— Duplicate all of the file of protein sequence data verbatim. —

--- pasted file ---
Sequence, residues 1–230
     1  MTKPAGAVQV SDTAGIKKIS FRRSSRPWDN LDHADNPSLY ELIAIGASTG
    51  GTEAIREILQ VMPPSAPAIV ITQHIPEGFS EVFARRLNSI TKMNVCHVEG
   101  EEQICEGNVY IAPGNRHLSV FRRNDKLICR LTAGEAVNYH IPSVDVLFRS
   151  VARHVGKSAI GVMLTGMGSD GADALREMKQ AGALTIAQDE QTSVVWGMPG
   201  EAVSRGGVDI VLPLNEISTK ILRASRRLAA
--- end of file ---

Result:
Sequence, residues 1–230
     1  MTKPAGAVQV SDTAGIKKIS FRRSSRPWDN LDHADNPSLY ELIAIGASTG
    51  GTEAIREILQ VMPPSAPAIV ITQHIPEGFS EVFARRLNSI TKMNVCHVEG
   101  EEQICEGNVY IAPGNRHLSV FRRNDKLICR LTAGEAVNYH IPSVDVLFRS
   151  VARHVGKSAI GVMLTGMGSD GADALREMKQ AGALTIAQDE QTSVVWGMPG
   201  EAVSRGGVDI VLPLNEISTK ILRASRRLAA